"In today’s passage, Joseph could no longer hold back – he revealed his true identity to his brothers and asked the question that had been burning on his heart for years: “Is my father still alive.” Joseph was finally reconciled with his cruel brothers by grieving, praying and forgiving them." (New Zealand's Rhema Radio)
Joseph said to his brothers, "I am Joseph! Is my father still alive?"Joseph is not interested in revenge. He forgives instead. Realizing that the pain and suffering his brothers had put him through was part of God's plan. This knowledge freed him from his anger and desire for revenge.
But his brothers weren't able to answer him. They were too afraid of him.
Joseph said to his brothers, "Come close to me." So they did.
Then he said, "I am your brother Joseph. I'm the one you sold into Egypt. But don't be upset. And don't be angry with yourselves because you sold me here. God sent me ahead of you to save many lives.
"For two years now, there hasn't been enough food in the land. And for the next five years, people won't be plowing or gathering crops. But God sent me ahead of you to keep some of you alive on earth. He sent me here to save your lives by an act of mighty power.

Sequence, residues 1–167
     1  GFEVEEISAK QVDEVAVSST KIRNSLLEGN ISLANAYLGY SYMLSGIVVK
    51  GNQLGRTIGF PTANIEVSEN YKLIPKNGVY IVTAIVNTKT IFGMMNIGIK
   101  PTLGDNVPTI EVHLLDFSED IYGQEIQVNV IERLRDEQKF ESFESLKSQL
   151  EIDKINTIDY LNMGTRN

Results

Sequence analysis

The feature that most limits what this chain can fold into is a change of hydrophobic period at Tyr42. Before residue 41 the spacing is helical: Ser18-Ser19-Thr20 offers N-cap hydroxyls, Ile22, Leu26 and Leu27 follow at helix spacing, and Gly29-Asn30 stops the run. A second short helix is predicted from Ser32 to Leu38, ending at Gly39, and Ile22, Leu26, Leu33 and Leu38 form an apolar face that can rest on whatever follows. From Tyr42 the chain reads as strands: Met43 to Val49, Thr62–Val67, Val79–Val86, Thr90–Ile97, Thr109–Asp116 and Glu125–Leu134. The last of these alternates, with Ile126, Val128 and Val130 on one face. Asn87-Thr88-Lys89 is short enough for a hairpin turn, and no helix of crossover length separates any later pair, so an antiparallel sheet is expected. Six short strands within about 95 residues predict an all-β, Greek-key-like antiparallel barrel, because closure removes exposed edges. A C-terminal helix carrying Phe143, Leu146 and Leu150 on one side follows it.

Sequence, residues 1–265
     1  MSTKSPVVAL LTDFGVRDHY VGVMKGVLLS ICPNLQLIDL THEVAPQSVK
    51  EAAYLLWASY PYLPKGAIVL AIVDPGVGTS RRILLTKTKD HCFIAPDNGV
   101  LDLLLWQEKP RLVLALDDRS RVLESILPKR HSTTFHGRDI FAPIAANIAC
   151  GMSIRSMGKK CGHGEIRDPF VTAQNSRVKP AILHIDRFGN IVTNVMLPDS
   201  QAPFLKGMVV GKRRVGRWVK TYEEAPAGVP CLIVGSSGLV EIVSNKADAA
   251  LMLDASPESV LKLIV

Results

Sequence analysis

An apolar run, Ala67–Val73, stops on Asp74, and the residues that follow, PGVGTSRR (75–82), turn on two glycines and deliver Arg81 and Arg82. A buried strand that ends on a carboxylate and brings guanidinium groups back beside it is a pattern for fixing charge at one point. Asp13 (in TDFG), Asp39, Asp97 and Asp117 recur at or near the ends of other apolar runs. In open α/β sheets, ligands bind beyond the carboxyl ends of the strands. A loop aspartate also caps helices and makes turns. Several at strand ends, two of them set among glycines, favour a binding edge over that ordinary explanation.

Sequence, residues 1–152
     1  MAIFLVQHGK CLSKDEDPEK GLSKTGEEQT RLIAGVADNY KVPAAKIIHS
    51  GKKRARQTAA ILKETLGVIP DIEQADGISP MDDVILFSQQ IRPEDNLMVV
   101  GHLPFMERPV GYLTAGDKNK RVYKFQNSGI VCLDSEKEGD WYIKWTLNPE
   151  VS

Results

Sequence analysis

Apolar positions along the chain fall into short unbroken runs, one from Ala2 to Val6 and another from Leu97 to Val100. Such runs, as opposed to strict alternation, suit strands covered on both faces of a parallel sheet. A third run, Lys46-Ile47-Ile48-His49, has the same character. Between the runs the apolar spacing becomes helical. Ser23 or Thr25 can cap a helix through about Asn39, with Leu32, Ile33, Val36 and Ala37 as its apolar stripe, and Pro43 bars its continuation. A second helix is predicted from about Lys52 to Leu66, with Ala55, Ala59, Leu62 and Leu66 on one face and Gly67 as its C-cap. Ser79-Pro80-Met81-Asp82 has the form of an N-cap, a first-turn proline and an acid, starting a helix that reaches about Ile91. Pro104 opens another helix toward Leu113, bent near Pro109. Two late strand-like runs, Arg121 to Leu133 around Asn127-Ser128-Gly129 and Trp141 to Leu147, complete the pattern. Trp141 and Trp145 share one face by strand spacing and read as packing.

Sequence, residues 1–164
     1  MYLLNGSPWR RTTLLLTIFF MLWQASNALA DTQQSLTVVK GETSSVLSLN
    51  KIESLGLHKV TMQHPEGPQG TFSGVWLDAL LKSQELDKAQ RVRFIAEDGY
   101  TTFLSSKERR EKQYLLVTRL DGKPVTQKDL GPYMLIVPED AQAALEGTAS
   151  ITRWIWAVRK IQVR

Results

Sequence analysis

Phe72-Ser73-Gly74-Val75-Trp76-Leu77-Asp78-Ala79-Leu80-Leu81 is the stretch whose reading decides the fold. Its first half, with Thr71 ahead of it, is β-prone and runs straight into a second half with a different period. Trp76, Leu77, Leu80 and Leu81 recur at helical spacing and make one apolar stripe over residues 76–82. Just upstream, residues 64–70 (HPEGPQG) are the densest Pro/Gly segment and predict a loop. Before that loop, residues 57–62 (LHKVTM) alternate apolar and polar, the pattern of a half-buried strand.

"So then, it wasn't you who sent me here. It was God. (Genesis 45:3-8, New International Reader's Version)
Ultimately this reconciliation of a dysfunctional family led to the birth of a nation. Jacob's name had been changed to Israel and the families of his sons grew into 12 tribes in the land of Egypt.
The whole family was literally saved from starvation and redeemed from their ugly behavior through God's plan and Joseph's willingness and obedience to follow God no matter the twist and turns that it took. Through Joseph God reconciled and redeemed this family. God did this very thing for all people through his Son Jesus.
I am working through the E100 Bible Reading Challenge again. You can learn more about my journey and read the other posts completed so far at this link. I encourage you to stop back soon to read another passage.
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